08/17/2010 11:30 am ET | Updated May 25, 2011

The Clock Is Running Out on Net Neutrality

The Federal Communication Commission should act swiftly to protect free access to the Internet and prevent media giants from co-opting the future of the most powerful new medium since the printing press.
Incredibly, the FCC asked the corporations who stand to profit most to write rules on how bandwidth will be divvied up. Google and Verizon floated a plan that most observers view as a roadmap to a multi-tiered system. AT&T has endorsed the Google/Verizon plan.
What's at stake is control over whose data gets transmitted, and how quickly. A wide-open field let's everyone compete. A tiered system like the one proposed by the big shots would inevitably favor them and their preferred media; some web purveyors would be relegated to second- and third-class status.  
What's also at stake is freedom of speech and freedom of the press, because so many people get their news and information from the net today. Not to mention free and open access to intellectual and commercial media that power education, development and entrepreneurship.
Basically, the corporatists want to install a meter on your Internet. They whine that if they aren't allowed to nickel-and-dime us, innovation will wither. 
Unfortunately, their clever ideas are likely to be the kind of vampire MBA innovations that allow banks to bleed Americans with scams like ubiquitous credit card fees, exotic mortgages and impenetrable derivative casinos.
We don't need that kind of innovation. Web and broadband development are doing just fine, thank you, in the creatively yeasty bog that our free and open net fosters. We don't need telecom and media companies -- which already enjoy near monopoly web status -- erecting bottlenecks that would further inflate their bottom lines while giving them frightening power over the timely flow of data and ideas.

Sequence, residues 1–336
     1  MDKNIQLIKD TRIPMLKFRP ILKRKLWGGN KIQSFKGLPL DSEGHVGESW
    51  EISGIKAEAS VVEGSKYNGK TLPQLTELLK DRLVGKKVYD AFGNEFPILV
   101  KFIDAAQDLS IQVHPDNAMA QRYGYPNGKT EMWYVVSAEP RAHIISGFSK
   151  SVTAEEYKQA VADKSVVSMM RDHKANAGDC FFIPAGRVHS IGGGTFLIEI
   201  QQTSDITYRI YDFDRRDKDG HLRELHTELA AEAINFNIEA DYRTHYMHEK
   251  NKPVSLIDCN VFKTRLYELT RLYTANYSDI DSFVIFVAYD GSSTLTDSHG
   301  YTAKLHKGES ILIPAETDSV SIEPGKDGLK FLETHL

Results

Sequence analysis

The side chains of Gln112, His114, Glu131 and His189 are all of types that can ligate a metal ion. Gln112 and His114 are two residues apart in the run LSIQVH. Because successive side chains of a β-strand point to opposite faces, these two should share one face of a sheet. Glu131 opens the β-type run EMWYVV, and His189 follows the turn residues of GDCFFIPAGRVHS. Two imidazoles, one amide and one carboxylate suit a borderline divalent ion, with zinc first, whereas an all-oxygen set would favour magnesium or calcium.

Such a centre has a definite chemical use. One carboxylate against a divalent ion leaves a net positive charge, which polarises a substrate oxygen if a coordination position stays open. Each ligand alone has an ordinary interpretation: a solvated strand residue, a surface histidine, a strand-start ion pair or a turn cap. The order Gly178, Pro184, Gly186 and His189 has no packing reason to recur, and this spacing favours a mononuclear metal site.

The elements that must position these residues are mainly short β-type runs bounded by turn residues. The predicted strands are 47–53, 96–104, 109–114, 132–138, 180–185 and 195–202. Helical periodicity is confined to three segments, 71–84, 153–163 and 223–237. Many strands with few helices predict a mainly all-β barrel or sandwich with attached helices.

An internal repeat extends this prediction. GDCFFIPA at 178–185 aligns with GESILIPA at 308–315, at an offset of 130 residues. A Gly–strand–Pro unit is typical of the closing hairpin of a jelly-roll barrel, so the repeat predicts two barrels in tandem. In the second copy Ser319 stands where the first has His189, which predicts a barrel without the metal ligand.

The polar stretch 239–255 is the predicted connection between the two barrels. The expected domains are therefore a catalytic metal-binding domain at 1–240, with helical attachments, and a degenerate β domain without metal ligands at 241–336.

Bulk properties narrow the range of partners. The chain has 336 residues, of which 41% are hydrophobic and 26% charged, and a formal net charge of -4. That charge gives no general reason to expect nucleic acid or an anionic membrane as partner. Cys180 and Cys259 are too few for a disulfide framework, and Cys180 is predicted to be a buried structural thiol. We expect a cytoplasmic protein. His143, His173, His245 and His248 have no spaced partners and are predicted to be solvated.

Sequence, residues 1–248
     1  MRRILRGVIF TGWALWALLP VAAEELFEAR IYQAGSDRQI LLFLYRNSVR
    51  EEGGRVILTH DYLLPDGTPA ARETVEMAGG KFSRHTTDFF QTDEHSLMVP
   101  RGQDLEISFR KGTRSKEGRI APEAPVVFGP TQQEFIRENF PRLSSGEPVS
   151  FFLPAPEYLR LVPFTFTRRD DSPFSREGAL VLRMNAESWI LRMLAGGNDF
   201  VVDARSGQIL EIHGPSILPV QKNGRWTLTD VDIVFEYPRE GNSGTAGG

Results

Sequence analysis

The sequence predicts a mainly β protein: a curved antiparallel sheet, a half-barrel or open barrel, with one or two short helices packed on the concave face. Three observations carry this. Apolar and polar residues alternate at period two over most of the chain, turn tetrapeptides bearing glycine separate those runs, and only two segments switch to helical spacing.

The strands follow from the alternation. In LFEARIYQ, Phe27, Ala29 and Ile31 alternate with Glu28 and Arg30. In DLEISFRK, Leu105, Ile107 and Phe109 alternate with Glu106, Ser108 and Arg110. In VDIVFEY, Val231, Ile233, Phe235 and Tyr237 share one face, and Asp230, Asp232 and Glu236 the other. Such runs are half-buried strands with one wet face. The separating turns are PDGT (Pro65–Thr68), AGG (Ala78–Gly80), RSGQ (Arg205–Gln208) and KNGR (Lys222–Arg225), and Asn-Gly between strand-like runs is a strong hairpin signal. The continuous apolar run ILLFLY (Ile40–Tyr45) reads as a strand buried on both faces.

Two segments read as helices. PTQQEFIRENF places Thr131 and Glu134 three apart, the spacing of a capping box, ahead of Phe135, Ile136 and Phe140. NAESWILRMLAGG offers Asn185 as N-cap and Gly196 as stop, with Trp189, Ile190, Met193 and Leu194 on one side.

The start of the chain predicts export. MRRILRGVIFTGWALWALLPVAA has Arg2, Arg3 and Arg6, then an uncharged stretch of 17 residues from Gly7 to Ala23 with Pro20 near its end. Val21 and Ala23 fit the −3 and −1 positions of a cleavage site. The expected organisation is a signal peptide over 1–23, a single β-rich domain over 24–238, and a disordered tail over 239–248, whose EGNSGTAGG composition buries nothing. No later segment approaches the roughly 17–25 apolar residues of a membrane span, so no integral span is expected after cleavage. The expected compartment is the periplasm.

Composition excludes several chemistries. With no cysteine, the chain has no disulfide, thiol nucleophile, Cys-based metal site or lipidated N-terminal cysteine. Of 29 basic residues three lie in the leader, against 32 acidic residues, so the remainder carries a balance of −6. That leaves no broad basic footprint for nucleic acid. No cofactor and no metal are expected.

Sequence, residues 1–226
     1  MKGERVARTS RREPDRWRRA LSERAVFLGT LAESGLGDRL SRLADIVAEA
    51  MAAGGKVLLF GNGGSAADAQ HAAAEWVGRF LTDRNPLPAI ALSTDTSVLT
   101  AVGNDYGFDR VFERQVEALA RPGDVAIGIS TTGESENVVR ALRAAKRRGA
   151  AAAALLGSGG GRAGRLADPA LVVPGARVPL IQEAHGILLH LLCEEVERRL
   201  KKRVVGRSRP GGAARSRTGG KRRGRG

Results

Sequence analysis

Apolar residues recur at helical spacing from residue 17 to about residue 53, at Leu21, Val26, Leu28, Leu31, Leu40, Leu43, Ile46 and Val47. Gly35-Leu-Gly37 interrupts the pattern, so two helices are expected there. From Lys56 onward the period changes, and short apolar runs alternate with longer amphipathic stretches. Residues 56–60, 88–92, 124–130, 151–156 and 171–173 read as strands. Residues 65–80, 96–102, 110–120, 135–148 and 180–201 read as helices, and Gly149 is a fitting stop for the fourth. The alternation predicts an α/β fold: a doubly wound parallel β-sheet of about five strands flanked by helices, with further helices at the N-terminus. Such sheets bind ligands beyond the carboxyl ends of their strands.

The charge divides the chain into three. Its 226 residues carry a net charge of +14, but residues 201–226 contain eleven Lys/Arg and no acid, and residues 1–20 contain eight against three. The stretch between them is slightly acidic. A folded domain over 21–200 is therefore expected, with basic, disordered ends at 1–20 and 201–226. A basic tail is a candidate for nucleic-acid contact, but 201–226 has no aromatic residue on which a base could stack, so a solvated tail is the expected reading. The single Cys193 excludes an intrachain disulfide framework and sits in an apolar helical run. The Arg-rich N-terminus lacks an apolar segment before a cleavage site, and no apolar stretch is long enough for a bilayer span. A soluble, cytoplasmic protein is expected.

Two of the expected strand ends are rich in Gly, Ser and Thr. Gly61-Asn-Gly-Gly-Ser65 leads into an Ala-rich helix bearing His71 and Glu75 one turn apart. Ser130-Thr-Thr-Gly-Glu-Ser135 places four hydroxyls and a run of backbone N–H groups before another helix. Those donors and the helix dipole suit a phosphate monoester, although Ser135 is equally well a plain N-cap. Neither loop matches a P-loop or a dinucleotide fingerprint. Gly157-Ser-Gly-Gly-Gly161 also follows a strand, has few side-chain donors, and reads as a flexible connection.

It would be like forsaking the farmer's market, with all its tasty and fresh organic produce, in favor of one giant digital Wal-Mart.
In fact, web users in the United States already pay far more for Internet access, and have far balkier web access, than patrons overseas.
It's pathetic but hardly surprising that Congress is punting on this issue. The big media companies are second only to Big Pharma in campaign largess. So their elected minions sit idly on the sidelines. 
That leaves it to the FCC to act on the most pressing First Amendment issue of our time. The FCC has the authority to protect the net and maintain a level playing field. All it requires is the wisdom and the will to do so.
But Congress must eventually act as well. As your U.S. Senator, I will introduce legislation that guarantees us all a place at the great table of ideas and opportunities afforded by the vast digital universe.